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President Donald Trump speaks to the Major County Sheriffs' Association and Major Cities Chiefs Association, Wednesday, Feb. 8, 2017, in Washington. (AP Photo/Evan Vucci)

Legal experts say Trump's national emergency could have long-term impacts. Here's why.

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WASHINGTON (CIRCA) — When President Donald Trump signed a bill Friday that averted another costly government shutdown, he quickly pivoted toward declaring a national emergency on the United States-Mexico border in an attempt to secure funding for his promised border wall.

The apparent plan is to divert unused money from Department of Defense construction projects to funding for the wall, using the national emergency as a way to get around Congress to do so. Congress allocated only $1.375 billion toward the building of a fence on 55 miles of the Texas border in the bill, a fraction of the approximately $5 billion he wanted.

"That raises a series of questions about whether or not the president can then supersede Congress' will by declaring an emergency and doing what Congress didn't authorize via appropriations," said Jennifer Daskal, a law professor at American University's Washington College of Law, in an interview with Sinclair Broadcast Group.

There could be as much as $21 billion in unused Department of Defense assets available to Trump, according to a report by Foreign Policy.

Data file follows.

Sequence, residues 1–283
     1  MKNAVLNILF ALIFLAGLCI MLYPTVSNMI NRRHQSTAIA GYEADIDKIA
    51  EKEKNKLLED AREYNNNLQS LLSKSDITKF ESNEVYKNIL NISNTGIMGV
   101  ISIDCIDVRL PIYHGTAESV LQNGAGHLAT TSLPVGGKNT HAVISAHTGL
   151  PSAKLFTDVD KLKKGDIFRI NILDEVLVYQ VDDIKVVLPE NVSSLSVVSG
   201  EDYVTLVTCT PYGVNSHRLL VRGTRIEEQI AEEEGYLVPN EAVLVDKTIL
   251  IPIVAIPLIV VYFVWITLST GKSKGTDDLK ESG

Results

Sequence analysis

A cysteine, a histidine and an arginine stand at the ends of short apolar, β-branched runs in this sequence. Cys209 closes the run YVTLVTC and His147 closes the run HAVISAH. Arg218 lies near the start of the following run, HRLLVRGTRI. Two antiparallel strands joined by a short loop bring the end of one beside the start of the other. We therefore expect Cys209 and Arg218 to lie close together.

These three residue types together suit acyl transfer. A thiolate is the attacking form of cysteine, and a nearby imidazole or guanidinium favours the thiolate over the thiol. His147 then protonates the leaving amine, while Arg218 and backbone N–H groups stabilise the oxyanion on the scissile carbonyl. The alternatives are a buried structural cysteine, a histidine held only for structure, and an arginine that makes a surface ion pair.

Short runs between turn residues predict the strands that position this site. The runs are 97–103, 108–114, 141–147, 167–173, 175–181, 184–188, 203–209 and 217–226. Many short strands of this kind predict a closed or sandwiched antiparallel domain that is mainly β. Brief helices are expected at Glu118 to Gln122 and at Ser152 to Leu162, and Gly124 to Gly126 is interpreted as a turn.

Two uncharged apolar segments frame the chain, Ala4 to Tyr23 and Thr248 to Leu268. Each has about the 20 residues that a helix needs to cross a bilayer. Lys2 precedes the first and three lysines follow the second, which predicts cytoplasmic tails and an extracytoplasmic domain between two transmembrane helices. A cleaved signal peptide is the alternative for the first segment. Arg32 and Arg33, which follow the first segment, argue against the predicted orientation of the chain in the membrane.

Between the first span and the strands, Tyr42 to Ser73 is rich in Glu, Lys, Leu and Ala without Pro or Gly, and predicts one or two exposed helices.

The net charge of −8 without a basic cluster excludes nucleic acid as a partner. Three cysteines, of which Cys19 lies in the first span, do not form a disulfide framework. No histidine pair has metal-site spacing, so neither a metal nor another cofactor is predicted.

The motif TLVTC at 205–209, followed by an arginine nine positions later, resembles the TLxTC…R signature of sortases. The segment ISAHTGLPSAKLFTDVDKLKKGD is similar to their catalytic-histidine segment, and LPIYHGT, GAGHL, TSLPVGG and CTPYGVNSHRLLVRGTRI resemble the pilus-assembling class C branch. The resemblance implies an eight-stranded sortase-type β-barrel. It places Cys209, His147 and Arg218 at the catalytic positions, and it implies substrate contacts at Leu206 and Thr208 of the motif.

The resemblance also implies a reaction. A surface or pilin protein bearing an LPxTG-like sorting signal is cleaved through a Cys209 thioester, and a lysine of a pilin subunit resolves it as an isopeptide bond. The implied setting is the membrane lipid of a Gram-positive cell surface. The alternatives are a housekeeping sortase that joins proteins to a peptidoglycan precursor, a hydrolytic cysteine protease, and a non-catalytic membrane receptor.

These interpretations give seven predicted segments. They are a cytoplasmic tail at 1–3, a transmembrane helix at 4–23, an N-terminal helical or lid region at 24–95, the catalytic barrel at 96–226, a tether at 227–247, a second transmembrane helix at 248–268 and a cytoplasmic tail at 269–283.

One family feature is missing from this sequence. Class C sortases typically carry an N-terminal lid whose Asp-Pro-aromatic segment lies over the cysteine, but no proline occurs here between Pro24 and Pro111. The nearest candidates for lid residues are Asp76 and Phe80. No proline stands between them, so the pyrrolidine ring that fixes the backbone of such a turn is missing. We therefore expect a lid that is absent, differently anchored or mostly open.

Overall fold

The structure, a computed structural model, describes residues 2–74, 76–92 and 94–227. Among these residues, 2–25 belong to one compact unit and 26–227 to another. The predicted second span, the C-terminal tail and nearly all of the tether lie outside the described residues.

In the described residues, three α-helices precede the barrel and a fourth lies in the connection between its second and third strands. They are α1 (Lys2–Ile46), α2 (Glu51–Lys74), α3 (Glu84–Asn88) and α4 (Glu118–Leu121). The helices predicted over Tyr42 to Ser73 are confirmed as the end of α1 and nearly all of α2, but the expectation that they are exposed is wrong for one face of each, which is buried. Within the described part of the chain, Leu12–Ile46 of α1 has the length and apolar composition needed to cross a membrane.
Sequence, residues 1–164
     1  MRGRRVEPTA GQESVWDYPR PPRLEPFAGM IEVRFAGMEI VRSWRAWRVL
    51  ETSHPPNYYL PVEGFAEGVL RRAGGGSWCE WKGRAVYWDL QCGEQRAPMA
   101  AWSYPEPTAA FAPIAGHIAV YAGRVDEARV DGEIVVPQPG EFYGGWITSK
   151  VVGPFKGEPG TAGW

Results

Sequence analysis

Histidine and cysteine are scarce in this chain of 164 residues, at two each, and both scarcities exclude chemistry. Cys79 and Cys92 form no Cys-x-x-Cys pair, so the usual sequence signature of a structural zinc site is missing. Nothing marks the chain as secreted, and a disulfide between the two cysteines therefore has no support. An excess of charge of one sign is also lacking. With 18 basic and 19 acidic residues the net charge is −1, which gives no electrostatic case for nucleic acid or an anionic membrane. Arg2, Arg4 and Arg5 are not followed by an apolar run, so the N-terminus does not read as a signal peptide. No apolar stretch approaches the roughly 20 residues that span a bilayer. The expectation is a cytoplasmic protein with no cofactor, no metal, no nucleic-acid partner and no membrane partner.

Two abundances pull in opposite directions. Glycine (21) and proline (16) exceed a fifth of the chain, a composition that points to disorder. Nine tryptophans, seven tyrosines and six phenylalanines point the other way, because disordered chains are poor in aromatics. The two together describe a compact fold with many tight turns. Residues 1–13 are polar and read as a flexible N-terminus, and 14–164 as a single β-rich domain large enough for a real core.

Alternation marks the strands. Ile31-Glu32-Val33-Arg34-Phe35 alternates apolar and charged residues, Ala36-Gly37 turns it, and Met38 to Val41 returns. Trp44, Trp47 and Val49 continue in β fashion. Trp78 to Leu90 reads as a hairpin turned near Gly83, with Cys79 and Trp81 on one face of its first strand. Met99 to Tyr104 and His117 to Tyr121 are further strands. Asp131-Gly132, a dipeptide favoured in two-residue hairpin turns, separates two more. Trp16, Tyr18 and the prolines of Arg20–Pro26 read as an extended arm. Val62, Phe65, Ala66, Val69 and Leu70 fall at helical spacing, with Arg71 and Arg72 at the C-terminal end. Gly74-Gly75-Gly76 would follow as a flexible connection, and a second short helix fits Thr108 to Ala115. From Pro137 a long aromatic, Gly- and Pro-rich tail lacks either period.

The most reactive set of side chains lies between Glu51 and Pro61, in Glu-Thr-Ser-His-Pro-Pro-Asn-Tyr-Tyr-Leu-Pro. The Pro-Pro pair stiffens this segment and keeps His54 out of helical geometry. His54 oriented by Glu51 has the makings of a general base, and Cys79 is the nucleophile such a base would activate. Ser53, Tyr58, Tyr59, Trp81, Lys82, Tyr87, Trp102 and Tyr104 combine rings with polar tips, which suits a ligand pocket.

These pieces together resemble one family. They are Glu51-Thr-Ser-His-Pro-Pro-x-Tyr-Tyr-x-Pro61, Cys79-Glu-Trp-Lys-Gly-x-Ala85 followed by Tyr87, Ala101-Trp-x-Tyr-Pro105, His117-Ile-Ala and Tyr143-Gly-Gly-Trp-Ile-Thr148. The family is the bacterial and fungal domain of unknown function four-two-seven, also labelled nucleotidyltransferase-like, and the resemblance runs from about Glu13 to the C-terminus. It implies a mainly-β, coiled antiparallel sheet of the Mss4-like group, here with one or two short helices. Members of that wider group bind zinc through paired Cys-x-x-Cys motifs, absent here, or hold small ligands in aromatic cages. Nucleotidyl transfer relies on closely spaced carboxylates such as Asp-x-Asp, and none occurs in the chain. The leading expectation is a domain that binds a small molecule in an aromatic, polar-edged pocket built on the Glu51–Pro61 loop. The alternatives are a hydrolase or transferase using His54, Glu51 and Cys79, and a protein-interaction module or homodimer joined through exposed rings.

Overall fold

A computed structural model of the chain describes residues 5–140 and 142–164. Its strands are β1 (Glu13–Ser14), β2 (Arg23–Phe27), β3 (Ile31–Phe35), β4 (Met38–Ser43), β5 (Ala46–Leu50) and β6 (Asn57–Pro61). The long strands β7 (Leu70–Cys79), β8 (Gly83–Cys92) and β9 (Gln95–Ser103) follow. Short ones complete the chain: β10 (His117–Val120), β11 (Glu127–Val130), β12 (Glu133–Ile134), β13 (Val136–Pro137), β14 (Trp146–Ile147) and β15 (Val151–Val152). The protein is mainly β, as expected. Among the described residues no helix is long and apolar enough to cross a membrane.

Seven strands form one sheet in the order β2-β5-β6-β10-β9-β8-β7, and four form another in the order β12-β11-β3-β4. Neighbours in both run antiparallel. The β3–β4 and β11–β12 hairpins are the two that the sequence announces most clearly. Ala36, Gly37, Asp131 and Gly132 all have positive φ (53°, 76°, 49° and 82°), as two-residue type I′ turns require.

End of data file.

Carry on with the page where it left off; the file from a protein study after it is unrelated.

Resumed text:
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"We have certain funds that are being used at the discretion of generals, at the discretion of the military. Some of them haven't been allocated yet, and some of the generals think that this more important," said Trump, while announcing his plan at the White House on Friday.

But Trump's decision reportedly has fellow Republicans worried that he could be setting a precedent to be used by Democrats in the future to push their own preferred policies.

"Unfortunately, we live in such partisan times that I think if we have a Democrat president, he or she will do everything possible to advance the administration's policy goals," David Rivkin, a conservative commentator and lawyer with Baker Hostetler, told SBG. "And this is irrespective of what President Trump has done here."

Before any long-term impacts can be realized, Trump is likely going to have to face a legal battle. Barely hours after Trump's declaration, the American Civil Liberties Union announced plans to sue Trump over what it believes is a "blatantly illegal" national emergency.

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